The air smells like drywall dust. Steel beams are exposed and cinder block walls are being grouted. The concrete floor is covered in construction equipment, not hardwood. But in less than a year, students will gather in this gymnasium for an assembly as the 2017-18 school year begins.

The public Ecole Harbour Landing School is incomplete. So is St. Kateri Tekakwitha School, its Catholic counterpart. But the joint-use schools, being built in Regina’s southwest Harbour Landing neighbourhood, are “slightly ahead” of schedule, said Education Minister Don Morgan.

Ground broke little more than a year ago at Regina’s three joint-use school sites, where Joint Use Mutual Partnership (JUMP) is building schools in a public-private partnership.

“It’s amazing, really, when I think about — about a year ago was when they first started to dig a hole for this place, and now look at it,” said Frank Flegel, board chair of the Regina Catholic School Division.

“It’s a 21st-century building for 21st-century education.”

“I think this school is keeping up with the changes in education that we’re already experiencing,” said Katherine Gagne, board chair for the Regina Public School Division.

That was the consensus on a tour for education officials and media at the Harbour Landing schools Monday.

Wide hallways and large garage- and barn-style classroom doors facilitate flexible learning spaces. The main stairway in each school is designed as amphitheatre seating, for assemblies and impromptu gatherings. Each school is accessible, with one elevator. Gender-neutral washrooms are already taking shape. In front of each school, large stones form a storytelling circle, where teachers can host outdoor lessons. Between the two schools, black posts mark the yard of a shared childcare space. The playground will also be shared.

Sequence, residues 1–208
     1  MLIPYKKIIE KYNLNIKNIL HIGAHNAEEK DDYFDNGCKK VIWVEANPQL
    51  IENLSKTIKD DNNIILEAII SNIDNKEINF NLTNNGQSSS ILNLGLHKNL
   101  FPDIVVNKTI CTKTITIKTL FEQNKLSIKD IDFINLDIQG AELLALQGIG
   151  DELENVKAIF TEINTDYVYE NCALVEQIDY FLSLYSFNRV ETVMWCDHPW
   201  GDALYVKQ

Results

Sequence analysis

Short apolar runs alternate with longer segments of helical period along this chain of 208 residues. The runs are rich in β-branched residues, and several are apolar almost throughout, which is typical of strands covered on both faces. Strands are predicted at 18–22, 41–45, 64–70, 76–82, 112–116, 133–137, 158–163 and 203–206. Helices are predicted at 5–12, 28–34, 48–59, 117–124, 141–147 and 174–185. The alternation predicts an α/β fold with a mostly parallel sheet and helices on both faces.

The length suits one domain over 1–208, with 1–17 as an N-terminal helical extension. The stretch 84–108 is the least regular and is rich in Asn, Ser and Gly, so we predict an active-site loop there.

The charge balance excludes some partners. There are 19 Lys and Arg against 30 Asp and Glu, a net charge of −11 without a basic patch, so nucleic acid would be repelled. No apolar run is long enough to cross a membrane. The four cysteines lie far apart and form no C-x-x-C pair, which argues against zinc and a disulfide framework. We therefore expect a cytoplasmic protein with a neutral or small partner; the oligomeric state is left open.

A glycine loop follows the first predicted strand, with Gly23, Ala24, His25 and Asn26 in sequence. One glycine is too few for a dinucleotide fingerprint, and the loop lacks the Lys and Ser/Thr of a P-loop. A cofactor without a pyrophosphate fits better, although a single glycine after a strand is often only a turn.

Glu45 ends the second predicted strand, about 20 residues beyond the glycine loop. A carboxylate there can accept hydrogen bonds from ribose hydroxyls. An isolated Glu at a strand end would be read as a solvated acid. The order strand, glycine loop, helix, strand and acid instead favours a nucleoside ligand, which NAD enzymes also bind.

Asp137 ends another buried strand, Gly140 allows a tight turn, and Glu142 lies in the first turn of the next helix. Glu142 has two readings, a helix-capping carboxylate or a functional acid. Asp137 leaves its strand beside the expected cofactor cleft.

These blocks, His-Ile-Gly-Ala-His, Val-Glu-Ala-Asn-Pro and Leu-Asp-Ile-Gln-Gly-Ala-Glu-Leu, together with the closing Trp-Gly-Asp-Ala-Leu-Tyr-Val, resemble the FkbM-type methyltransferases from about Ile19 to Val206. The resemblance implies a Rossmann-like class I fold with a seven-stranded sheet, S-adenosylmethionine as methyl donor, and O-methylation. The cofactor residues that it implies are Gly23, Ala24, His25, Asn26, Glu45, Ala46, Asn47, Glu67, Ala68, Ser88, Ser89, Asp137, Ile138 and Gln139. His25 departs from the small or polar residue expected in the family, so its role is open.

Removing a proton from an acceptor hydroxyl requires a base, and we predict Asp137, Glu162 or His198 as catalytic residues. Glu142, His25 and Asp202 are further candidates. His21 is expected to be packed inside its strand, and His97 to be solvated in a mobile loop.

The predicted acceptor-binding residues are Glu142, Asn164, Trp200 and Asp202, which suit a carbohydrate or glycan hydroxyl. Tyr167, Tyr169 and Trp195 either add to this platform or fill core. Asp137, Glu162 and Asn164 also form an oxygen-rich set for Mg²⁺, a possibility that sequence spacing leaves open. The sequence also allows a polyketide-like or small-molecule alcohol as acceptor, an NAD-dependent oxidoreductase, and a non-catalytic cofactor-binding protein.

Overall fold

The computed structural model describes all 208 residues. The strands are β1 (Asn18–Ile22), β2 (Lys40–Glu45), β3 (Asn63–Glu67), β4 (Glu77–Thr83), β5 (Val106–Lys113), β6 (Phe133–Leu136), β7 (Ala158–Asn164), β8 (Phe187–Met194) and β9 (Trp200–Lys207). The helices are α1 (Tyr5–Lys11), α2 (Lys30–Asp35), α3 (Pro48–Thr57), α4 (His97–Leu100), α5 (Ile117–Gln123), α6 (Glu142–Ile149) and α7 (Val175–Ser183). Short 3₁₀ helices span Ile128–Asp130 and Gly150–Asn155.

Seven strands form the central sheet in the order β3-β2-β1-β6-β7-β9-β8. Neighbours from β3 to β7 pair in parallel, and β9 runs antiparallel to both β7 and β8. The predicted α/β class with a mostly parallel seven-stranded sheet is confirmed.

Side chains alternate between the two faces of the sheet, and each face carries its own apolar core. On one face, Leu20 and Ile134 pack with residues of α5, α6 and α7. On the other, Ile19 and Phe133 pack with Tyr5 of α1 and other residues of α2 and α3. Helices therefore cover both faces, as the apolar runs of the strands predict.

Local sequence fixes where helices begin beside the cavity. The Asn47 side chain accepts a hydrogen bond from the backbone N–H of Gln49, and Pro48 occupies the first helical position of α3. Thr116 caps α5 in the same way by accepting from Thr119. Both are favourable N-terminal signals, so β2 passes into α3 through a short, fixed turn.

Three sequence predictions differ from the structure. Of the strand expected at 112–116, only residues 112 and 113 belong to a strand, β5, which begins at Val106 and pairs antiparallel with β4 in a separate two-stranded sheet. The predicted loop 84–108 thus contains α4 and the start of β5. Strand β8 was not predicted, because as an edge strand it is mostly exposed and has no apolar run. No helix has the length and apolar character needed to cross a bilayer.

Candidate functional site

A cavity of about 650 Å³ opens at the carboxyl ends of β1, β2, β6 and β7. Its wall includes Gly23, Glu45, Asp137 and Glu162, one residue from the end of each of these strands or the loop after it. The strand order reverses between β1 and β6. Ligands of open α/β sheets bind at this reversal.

About 450 students are expected to attend each school under this shared roof, although enrollment has yet to begin. Both schools will offer English and French immersion.

The joint-use school is a rainbow, aside from the Public’s choice red and the Catholic’s choice blue as accent colours. There’s exposed silver duct work, white drywall, paints in greens and blues, golden plywood and grey cinder blocks. The concrete floor has yet to be covered but they’re working on it.

About 100 tradespeople are on site at each of the province’s nine joint-use school sites (six in the Saskatoon area). Right now the goal is to finish paving and landscaping, and get the buildings weather-tight for winter. During those cold months, the schools’ interior spaces will be the focus.

“Building this many schools on a tight time frame is always going to be challenging, but nothing that is insurmountable,” said JUMP design and construction lead Ian Podmore.

The province has a 25-year contract with JUMP, which will do large-scale maintenance on the schools. The government estimates savings of $100-million to taxpayers during that time.

Though the new school designs mean public and separate school divisions working so closely, Morgan said there are no plans for amalgamating the two divisions.

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